BIRMINGHAM, Alabama (April 28, 2020)—Home health agencies need to be creative in their approach to doing business and caring for patients during the COVID-19 era, Interim HealthCare President and CEO Jennifer Sheets told HomeCare--including their approach to scheduling, personal protective equipment (PPE) and more.

That may mean making sure a clinician sees only COVID-19 patients, or, if that's not possible, that their coronavirus-positive cases are scheduled for the end of their shift to make sure they aren't visiting non-infected patients after infected ones, she said. Or maybe it's looking at a shortage of protective gowns and using disposable plastic raincoats instead for patients moving from the hospital to home.

"We are starting to be very creative as we are starting to care for covid 19 patients in the home. We’ve done a lot to make sure that we are minimizing the transmission of the virus," she said in an interview for the HomeCare Podcast. You can hear the entire conversation here.

The company, which has franchises serving 190,000 people each year, is also working on broad-based training for patients, caregivers and office staff, Sheets said. After all, she said, Homecare providers are well-acquainted with managing crises and preventing infection.

"The reality is this is what clinicians were made for and we’re trying to make sure they have all the tools available, all the education available to make sure they’re protecting themselves and their clients," she said.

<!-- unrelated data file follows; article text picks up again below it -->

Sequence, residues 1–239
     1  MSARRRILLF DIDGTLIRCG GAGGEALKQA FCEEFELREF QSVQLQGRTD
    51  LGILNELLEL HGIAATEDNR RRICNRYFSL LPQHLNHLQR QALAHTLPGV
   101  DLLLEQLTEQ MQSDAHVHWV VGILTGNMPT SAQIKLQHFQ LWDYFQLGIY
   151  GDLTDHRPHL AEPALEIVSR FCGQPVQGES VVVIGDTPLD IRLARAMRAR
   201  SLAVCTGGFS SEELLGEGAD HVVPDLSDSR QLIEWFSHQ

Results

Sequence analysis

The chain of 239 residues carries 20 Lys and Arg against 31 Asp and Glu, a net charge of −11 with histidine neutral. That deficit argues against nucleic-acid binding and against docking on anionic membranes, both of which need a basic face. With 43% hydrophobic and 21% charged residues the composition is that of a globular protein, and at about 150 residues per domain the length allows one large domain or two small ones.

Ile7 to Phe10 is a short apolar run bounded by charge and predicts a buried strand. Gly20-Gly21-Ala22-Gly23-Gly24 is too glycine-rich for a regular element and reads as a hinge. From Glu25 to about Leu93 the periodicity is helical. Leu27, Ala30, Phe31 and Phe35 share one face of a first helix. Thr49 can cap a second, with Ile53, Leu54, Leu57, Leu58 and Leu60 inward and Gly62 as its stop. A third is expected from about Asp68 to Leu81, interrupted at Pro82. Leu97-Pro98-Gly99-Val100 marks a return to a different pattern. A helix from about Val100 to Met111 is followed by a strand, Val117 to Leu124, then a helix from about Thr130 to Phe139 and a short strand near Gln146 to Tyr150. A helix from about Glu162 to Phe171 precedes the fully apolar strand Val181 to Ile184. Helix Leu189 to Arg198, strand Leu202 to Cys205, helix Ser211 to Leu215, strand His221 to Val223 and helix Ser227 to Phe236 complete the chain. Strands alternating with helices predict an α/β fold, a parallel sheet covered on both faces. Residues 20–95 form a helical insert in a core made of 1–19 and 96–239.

Sheets said three areas of Interim’s business have dropped off: the care they provide in school systems, because schools are closed; non-skilled personal care services, which seem to have declined because adult children aren’t currently working and are able to handle basic caregiving services; and in some therapies, which aren’t getting new patients because elective surgeries are on hold.

But at the same time, some areas have increased, including providing staff to hospitals and nursing homes that need additional clinicians, and an increase in hospice referrals.

“That is one positive trend that we’ve seen come out of all of this is that people are transitioning to hospice at a more appropriate time,” rather than waiting too long to have end-of-life discussions, Sheets said.

"This really is a monumental time in the history of our nation’s health care system and it will forever change us," she said.